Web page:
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I am tryting to create module pattern with ExecuteQueryAsync like this:

    UsersMngt = (function () {

        getUserIdByEmail = function(email){

        var clientContext = new SP.ClientContext.get_current();
        var web = clientContext.get_web();

        var user = web.get_siteUsers().getByEmail(email);


        clientContext.load(user);

        clientContext.executeQueryAsync(Function.createDelegate(this, this.onQuerySucceeded), Function.createDelegate(this, this.onQueryFailed));


        clientContext.executeQueryAsync(alert('yes'),alert('no'));               
}; //getUserIdByEmail




return{
    GetUserIdByEmail:getUserIdByEmail,
};

})();

and then I want to call it like:

UsersMngt.GetUserIdByEmail('user.name@email.com')

but, everytime I call it, with or without success, it always gives me both "yes" and "no" (success and failure). It also retrieves data I need in case of succces.

How can I include functions directly in "executeQueryAsync" without creating actually delegates somewhere else? I would like everything to be kept within the same code structure.

So far, it only works with delegates.

Thank you for ideas and help

  • If an answer was helpful could you remove your question from the SO unanswered list, by marking it as answered, tnx – Danny '365CSI' Engelman Jun 4 '17 at 7:56
  • Thanks, will do. I wanted to do it originally but due to rules of this site I had to wait two days and then it slipped my mind:) – Pedro Jun 4 '17 at 7:58
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Once this clientContext.executeQueryAsync(Function.createDelegate(this, this.onQuerySucceeded), Function.createDelegate(this, this.onQueryFailed)); query is executed, it will call the onQuerySucceeded or onQueryFailed functions depending on the result of the query.

I advice you to call the executeQueryAsync just one. and write alert messages inside onQuerySucceeded or onQueryFailed functions.

Also createDelegate is too old now. Using just this would be fine:

clientContext.executeQueryAsync(onQuerySucceeded,onQueryFailed);
  • For simplicity one executeQueryAsync is helpful; but you can execute more: You, get me a Coffee!, You! get me a bagel You! get me the newspaper Three asynchronous commands... maybe like: Update Item, Update ParentItem, Trigger workflow Do read how to pass variables to a function – Danny '365CSI' Engelman May 17 '17 at 10:09
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This code executes asynchronous

code does not stop when executed, the Success or Error Callback Functions execute when the Async operation is done.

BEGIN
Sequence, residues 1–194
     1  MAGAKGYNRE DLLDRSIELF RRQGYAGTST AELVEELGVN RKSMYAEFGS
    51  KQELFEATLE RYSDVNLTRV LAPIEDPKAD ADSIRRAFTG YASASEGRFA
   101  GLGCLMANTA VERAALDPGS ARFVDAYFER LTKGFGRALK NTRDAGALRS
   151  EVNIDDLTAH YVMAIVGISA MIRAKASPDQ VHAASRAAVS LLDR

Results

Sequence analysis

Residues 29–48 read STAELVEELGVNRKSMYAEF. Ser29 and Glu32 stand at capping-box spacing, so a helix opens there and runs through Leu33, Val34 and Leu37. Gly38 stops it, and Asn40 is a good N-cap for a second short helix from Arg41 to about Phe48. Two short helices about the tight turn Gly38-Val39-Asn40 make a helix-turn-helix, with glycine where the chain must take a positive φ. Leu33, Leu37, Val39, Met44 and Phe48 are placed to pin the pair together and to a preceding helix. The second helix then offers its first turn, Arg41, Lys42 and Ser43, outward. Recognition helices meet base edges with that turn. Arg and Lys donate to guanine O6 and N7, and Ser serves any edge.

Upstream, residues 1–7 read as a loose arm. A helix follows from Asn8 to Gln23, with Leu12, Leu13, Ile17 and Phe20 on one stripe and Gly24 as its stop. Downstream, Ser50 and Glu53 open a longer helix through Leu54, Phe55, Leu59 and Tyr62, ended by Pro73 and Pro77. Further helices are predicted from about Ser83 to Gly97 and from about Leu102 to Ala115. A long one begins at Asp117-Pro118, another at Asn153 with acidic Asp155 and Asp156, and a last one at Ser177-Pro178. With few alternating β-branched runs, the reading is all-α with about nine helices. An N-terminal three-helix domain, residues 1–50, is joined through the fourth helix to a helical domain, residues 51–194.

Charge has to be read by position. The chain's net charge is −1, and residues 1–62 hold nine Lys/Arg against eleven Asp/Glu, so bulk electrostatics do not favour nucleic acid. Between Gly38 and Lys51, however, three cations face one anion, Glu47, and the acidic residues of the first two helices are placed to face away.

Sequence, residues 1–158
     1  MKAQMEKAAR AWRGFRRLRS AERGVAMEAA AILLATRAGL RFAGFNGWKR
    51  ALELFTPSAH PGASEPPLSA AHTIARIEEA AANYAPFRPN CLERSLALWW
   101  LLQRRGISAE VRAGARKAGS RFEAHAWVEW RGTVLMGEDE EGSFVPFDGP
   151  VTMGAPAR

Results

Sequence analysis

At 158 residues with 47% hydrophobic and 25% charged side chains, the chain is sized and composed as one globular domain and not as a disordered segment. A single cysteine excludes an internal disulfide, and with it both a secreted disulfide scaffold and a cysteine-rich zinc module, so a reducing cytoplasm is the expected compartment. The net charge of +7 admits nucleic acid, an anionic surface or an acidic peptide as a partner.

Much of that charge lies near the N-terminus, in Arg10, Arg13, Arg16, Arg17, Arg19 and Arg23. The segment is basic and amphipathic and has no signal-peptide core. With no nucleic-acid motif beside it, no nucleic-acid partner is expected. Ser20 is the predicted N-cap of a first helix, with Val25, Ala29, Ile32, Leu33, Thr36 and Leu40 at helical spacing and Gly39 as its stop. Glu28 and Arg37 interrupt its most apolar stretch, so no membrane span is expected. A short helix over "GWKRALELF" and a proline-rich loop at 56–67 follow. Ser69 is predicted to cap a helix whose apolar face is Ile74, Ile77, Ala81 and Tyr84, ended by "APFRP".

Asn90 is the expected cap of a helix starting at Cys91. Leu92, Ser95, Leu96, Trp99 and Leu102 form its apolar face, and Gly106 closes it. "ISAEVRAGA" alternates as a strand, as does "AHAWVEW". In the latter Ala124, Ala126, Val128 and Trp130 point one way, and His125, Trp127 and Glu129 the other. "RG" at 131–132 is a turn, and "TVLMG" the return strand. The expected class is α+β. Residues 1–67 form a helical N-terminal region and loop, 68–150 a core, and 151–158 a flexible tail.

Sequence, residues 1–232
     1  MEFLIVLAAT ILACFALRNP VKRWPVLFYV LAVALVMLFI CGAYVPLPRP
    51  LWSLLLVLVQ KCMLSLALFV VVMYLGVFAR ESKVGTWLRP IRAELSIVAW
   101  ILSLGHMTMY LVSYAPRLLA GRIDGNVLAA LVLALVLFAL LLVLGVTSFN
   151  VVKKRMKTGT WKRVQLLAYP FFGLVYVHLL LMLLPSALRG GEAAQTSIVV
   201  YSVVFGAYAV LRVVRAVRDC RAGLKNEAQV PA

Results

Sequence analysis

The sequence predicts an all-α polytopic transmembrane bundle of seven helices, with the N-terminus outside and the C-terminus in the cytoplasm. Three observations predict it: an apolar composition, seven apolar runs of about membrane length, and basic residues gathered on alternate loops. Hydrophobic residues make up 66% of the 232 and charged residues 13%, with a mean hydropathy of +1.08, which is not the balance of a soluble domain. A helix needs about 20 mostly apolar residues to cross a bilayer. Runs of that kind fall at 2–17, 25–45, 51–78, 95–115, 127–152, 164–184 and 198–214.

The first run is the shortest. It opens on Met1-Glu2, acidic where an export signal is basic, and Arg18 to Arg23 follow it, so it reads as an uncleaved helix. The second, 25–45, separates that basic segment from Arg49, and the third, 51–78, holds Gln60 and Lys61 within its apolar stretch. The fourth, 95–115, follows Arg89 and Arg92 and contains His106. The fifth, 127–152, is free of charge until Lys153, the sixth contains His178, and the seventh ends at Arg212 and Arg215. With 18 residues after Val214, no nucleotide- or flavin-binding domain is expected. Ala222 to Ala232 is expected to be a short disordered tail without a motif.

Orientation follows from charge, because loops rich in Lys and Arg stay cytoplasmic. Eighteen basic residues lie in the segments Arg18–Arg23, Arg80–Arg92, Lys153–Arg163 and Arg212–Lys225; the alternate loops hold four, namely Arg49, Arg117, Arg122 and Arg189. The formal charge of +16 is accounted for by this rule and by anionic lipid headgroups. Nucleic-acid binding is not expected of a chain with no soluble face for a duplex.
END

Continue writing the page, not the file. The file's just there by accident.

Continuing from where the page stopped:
It is like telling someone else to get you a coffee

What you now program

clientContext.executeQueryAsync(alert('yes'),alert('no'));     

Is: you send someone to get a coffee, and before he leaves he says "Yes"

The parameters you have to supply are Function Definitions so without the ( ),
not Function Calls you do now

That whole Function.createDelegate is old Microsoft IE8 stuff,
ditch and learn modern IE9 notation: Differing ways to make executeQueryAsync calls - Function.createDelegate (is old IE8 code)

More details: Looping jsom getItems

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thank you, I solved it like this, because I wanted to use annonymous functions:

UsersMngt = (function () {

getUserIdByEmail = function(email){

        var clientContext = new SP.ClientContext.get_current();
        var web = clientContext.get_web();

        var user = web.get_siteUsers().getByEmail(email);


        clientContext.load(user);


        clientContext.executeQueryAsync(
            function (){
                    alert("yes")
            },
            function(){
                    alert("no")
            }            
        )}; //getUserIdByEmail


return{
    GetUserIdByEmail:getUserIdByEmail,
};

})();

  • Good, and since the declaration (they might be ananymous, but still exist) is inside the getUserIdByEmail function scope, they have access to all variables from that scope. That eleviates the need for oldSkool Function.createDelegate or modern .bind() But be carefull!! it is async code so your error/success function will execute at a point in time where variables Could have changed. Non-anonymous but referenced Functions are saver to use, as you can never access the calling functions scope (unless you use bind() to make a copy of a Scope) so less prone to logic errors – Danny '365CSI' Engelman May 17 '17 at 13:56
  • Hi Danny, thank you. I used Deffered object in this function in the end so I can check for success or fail and it works like a charm! :) thank you – Pedro May 17 '17 at 14:14

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